The Female Social Lever

Friday, November 16, 2012

Will Tarkington


In my ongoing expose on Social Engineering techniques I bring to you one of my favorites something I call, “The Female Social Lever.” A technique I developed that takes advantage of social geometry and complex female group hierarchy.

To recap for new readers Social Geometry is the natural or intuitive way that social groups will compose themselves given a specific setting. An example would be free seating at a cafeteria wherein natural groups will claim space relative to the size of the environment.

For this specific example we are going to use a party because it is where I developed and mastered this particular technique.

However before we get into the social geometry I want to discuss the group hierarchy I’m taking advantage of here. I use women in this example because that is the target group I first learned to do this with. I am in no way saying that you couldn’t use a male for this technique simply that I don’t.

In particular what I am taking advantage of here is the statistical probability of someone being shy at a party. We have all gone to the party and seen groups of people with the one or so odd person with that cup in their hand watching everyone else. These are the people we will target and that will ultimately get us where we want to go.

Shy people are simply people who are intimidated by complex or large quantity of social interactions. They may in some cases even be threatened by interpersonal or intimate connections. So it is important to go in with the right mind set. For all the guys out there reading this who wondered why hitting on the shy girl didn’t work it’s because you were hitting on the shy girl. I can’t stress this enough your only thought should be of getting to know the target. People are very sensitive and shy people even more so. Therefore you have to be as un-intrusive as you can be or you will fail.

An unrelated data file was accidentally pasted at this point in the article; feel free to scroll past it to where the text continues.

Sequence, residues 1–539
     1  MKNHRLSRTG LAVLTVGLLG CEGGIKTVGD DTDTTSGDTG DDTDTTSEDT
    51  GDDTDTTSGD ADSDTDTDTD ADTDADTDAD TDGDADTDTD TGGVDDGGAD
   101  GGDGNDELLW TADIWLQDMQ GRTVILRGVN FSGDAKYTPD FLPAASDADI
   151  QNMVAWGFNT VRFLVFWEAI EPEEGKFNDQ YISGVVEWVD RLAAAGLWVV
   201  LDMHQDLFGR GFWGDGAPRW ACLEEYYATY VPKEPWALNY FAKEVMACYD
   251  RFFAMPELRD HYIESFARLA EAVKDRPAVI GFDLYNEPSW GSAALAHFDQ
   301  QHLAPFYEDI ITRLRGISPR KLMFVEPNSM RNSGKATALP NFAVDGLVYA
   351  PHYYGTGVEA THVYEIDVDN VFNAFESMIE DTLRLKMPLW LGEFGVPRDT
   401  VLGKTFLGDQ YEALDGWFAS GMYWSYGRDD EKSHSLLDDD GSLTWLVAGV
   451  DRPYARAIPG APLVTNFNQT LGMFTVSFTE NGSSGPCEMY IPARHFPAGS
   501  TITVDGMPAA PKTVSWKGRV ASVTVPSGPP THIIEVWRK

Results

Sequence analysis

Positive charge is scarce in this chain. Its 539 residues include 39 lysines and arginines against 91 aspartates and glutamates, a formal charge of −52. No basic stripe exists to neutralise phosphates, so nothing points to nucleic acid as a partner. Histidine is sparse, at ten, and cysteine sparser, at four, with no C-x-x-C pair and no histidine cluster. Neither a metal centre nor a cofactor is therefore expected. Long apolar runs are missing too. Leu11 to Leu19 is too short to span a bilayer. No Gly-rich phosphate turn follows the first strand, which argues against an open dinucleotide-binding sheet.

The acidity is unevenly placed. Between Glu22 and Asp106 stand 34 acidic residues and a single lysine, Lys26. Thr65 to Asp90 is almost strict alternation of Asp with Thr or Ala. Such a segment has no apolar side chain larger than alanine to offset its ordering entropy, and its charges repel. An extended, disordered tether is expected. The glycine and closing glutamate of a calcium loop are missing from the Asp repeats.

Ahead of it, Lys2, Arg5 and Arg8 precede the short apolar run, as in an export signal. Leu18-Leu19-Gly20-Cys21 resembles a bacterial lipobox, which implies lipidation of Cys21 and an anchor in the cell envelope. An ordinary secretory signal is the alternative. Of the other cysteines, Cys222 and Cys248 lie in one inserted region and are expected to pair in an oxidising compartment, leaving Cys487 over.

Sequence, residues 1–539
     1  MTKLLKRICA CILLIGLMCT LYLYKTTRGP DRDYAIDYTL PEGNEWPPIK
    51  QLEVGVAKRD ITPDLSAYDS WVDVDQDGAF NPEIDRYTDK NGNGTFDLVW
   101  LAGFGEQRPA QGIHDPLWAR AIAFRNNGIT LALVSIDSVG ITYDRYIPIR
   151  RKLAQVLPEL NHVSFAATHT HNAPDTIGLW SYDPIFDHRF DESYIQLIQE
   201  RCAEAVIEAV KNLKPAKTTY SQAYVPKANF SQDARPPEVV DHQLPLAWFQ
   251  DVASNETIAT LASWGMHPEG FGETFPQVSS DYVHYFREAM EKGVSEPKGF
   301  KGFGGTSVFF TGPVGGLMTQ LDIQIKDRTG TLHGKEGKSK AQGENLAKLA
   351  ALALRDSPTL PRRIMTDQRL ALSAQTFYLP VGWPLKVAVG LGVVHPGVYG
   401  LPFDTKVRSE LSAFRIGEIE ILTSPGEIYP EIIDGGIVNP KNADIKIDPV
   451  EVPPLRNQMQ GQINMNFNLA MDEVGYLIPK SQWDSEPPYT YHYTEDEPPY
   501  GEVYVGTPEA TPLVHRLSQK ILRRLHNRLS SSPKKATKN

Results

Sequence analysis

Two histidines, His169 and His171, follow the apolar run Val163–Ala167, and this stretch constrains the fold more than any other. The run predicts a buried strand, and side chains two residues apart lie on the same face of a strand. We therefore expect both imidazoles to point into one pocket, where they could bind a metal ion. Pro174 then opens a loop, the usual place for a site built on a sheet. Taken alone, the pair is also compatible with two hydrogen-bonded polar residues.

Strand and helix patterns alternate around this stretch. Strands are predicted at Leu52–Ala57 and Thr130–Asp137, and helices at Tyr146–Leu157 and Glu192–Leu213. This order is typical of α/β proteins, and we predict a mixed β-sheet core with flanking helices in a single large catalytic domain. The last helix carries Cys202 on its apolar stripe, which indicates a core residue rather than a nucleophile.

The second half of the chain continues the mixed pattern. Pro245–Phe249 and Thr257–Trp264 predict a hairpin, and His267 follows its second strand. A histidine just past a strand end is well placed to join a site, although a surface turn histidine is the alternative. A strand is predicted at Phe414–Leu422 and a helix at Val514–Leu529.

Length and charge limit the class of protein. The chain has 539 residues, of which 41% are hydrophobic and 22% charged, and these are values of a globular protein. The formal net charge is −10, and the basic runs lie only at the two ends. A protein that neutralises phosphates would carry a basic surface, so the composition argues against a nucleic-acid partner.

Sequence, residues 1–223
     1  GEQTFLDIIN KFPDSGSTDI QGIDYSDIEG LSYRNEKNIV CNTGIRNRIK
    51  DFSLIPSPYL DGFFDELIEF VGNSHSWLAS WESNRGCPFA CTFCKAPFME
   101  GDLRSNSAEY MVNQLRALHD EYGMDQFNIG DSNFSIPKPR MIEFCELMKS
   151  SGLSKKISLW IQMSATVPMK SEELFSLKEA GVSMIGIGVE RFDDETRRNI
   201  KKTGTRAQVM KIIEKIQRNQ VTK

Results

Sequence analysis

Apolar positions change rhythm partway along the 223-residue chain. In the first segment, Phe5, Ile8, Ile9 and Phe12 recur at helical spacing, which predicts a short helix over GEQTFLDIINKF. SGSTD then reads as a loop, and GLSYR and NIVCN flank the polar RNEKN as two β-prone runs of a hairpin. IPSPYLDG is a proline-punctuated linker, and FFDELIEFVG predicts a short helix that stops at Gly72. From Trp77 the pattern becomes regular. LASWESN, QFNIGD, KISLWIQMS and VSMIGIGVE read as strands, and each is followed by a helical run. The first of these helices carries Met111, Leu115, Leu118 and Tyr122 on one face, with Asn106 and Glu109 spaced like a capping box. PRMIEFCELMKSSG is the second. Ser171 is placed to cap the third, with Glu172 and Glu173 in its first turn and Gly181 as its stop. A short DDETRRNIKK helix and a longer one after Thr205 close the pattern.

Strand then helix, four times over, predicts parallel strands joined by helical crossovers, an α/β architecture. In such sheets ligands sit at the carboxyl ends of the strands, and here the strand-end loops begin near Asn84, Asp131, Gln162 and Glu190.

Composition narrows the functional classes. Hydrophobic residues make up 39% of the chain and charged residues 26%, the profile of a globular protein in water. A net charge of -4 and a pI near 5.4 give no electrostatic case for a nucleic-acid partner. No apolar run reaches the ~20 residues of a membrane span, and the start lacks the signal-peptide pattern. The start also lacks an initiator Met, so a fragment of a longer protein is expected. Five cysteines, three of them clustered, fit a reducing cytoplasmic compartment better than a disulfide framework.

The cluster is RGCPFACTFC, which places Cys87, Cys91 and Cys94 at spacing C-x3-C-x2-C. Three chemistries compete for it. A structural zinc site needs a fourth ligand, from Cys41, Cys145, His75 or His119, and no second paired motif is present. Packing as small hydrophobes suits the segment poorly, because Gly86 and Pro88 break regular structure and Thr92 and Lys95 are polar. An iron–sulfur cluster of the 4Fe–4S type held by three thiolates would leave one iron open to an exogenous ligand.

I don’t want to spend too much time going over the target basics but you want to find someone who isn’t depressed and is at the party looking for stimulation (notice I didn’t say sex, kissing, making out, validating your low self-esteem, ego stroke, etc). They are in essence looking for someone to interact with that won’t overwhelm them and make them want to run away. If you can do this they will literally talk your ear off.

Now the group hierarchy comes into play. Shy people generally do not show up to complex social engagements without someone to encourage them. What this means is that eventually someone is going to come check on our shy friend to ensure they are ok and having fun. This is the point where the lever comes in.

A shy person does not trust easily and a social creature that has enough empathy to encourage that person to go out will look favorably on anyone that assists them. Thus you are levered into an established group with a favorable attitude. You get much less scrutiny by the absorbing social group because the shy persons typically so protective you couldn’t be bad.

There are two possible outcomes to this lever once you have the mechanism in motion.

1)      The group re-centers around you and the shy person

2)      The group maintains separation during the party

If the group doesn’t come over to see the new person who has their friend talking you will need to either wait or force a venue change. There are several reasons for this but the majority will be that the pressure of complex social interaction won’t allow you to move the shy person to the group center. They will resist and if they resist you no longer have a valid reason for associating to the group.

Venue changes will automatically force the social geometry to change and when it does it will likely accommodate you naturally.

In my next blog post I’ll discuss the complexities of social geometry on this example. For now however remember that shy people are a great gateway into a social setting without raising suspicion or tripping the dreaded trying to hard flag.


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